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Irano-Anatolian Hotspot

The Irano-Antalian hotpsot covers an area of 899,773 sq km and includes parts of Central and Eastern Turkey, small part of southern Georgia, parts of Azerbaijan, Armenia, Iran and Turkmenistan. The vegetation includes forest steppe, deciduous and juniper forests, alpine and subalpine vegetation.

The region has 6,000 plant, 142 mammal, 362 bird, 116 reptile, 18 amphibian and 90 freshwater fish species. Interesting plant species that grow here are the salt tolerant plants belonging to the families Chenopodiaceae and Plumbaginaceae.

Endangered species of birds that breed here include the white-headed duck (Oxyura leucocephala), great bustard (Otis tarda), marbled duck (Marmaronetta angustirostris) and the imperial eagle (Aquila heliaca). A significant proportion of the world's population of the crimson-winged finch (Rhodopechys sanguinea), Finsch's wheatear (Oenanthe finschii), rufous-tailed wheatear (O. xanthoprymna), Upcher's warbler (Hippolais languida), white-throated robin (Irania gutturalis) and the eastern rock-nuthatch (Sitta tephronata) occur in this hotspot.

Critically endangered mammals that survive in small populations include the Asiatic cheetah (Acinonyx jubatus venaticus), Persian wild ass (Equus hemionus nager) and the Turkmenian wild ass (E. h. kulan). Most of the endemics here are rodents like the Dahl's jird (Meriones dahlia) and a vole (Microtus quzvinensis). Threatened reptiles include the four endemics, the Darevsky's viper (Vipera darevskii), mountain viper (Vipera albizona), Wagner's viper (Vipera wagneri) and Latifi's viper (Vipera latifi).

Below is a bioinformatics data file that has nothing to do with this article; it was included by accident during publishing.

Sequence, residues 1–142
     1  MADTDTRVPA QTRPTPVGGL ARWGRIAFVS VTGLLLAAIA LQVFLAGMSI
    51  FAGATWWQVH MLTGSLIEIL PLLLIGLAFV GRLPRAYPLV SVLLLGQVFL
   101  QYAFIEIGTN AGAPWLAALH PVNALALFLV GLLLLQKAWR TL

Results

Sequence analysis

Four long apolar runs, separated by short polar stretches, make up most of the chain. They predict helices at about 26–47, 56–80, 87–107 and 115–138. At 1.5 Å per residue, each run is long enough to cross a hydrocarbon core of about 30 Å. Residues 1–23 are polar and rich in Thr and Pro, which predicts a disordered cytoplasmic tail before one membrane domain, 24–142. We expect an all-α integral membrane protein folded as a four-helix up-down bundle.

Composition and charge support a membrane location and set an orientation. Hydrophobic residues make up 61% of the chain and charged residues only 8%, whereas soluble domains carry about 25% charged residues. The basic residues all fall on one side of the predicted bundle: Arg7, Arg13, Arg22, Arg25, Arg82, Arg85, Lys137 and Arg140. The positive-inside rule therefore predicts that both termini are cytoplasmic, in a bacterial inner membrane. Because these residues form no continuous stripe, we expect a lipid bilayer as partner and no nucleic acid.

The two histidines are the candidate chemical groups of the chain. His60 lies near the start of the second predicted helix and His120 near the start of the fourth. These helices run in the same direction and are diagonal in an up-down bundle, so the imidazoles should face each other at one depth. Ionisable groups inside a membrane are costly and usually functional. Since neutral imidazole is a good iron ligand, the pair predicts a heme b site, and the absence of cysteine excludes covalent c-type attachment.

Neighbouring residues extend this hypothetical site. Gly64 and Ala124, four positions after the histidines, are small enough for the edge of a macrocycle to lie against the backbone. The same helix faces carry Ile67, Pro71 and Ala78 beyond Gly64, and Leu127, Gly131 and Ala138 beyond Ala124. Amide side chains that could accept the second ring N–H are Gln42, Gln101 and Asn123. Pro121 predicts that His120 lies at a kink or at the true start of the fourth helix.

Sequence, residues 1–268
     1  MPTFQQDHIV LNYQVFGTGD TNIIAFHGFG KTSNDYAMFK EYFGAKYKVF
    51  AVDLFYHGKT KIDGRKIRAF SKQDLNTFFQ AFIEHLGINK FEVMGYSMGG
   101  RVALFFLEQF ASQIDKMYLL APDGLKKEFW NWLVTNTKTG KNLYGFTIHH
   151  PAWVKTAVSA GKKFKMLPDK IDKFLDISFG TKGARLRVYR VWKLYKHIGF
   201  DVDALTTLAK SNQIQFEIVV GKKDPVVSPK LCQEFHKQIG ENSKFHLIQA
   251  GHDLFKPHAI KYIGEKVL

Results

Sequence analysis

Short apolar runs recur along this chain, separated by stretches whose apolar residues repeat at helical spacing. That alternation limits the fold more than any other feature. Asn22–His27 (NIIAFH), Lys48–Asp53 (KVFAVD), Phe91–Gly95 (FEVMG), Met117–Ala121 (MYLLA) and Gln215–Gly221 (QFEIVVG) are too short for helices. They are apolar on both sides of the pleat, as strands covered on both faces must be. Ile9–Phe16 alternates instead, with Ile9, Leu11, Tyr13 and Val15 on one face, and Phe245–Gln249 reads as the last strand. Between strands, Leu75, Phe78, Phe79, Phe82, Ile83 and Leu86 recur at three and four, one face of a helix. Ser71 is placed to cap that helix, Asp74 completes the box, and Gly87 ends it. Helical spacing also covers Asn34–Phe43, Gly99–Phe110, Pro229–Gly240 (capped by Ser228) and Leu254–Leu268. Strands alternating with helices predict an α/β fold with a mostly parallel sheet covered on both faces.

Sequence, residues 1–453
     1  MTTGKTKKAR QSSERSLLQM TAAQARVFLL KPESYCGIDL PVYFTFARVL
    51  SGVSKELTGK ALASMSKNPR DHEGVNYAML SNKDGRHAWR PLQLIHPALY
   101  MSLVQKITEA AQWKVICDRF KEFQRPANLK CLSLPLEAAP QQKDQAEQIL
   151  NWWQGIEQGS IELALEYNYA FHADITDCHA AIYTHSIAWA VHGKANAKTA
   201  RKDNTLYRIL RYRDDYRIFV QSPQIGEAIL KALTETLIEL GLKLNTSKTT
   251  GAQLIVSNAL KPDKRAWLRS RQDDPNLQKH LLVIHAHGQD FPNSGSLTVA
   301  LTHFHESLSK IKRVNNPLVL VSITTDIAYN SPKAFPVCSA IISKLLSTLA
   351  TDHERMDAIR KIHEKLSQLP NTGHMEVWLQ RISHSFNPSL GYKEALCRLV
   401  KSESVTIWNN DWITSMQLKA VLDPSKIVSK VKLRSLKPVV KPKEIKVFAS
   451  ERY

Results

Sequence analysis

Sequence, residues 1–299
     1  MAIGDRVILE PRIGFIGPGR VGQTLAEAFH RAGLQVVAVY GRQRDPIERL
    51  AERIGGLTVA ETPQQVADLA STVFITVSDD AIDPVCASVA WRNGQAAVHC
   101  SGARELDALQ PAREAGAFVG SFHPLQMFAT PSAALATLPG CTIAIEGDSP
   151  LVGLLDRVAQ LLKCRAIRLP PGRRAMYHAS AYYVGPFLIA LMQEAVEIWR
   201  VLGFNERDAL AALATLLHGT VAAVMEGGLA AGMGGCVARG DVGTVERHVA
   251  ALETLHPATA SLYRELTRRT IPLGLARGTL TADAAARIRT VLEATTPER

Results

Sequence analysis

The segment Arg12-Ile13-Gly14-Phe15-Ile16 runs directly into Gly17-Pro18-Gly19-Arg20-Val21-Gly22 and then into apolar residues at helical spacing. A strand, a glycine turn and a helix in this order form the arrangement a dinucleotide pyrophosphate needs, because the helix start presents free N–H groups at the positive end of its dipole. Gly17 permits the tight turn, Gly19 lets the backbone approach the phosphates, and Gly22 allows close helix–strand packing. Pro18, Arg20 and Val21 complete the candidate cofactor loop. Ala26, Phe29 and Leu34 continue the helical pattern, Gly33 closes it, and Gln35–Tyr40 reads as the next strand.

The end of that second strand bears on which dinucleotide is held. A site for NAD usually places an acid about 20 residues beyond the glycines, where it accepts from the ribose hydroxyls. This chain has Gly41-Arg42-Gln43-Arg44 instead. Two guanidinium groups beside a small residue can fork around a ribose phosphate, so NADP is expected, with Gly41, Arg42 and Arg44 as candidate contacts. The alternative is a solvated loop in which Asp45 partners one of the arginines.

About a third of the freshwater fish species are endemic and include the globally threatened Salmo platycephalus and the endemic Chalcalburnus tarichi. Among invertebrates this hotspot has one of the highest scorpion diversity with about 40 species.

Overgrazing, irrigation schemes like setting up of dams, use of forest trees for firewood, mining, political instability and military disturbances are all threats faced by this hotspot. About 7% or 56,193 sq km of land is under some form of official protection. Non-governmental organisations like the Organization Cenesta and Turkish Nature Society are working on conserving biodiversity in their region.

[The information has been sourced from the Conservation International website on biodiversity hotspots ( Accessed in February 2008.]

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